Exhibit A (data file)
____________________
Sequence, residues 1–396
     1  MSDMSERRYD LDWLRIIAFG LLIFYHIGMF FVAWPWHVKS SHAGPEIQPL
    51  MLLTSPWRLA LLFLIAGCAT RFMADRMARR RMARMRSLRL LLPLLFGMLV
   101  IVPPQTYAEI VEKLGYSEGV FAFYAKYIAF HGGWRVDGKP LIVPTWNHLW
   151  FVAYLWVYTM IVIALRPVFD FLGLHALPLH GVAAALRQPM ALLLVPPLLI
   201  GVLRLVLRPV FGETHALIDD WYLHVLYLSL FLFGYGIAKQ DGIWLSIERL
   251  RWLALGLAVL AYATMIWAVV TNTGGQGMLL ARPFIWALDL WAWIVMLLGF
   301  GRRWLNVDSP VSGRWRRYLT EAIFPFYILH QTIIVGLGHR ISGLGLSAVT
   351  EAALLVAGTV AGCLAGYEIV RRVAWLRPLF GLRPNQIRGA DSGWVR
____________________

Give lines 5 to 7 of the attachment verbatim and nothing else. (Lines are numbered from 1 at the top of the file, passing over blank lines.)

   151  FVAYLWVYTM IVIALRPVFD FLGLHALPLH GVAAALRQPM ALLLVPPLLI
   201  GVLRLVLRPV FGETHALIDD WYLHVLYLSL FLFGYGIAKQ DGIWLSIERL
   251  RWLALGLAVL AYATMIWAVV TNTGGQGMLL ARPFIWALDL WAWIVMLLGF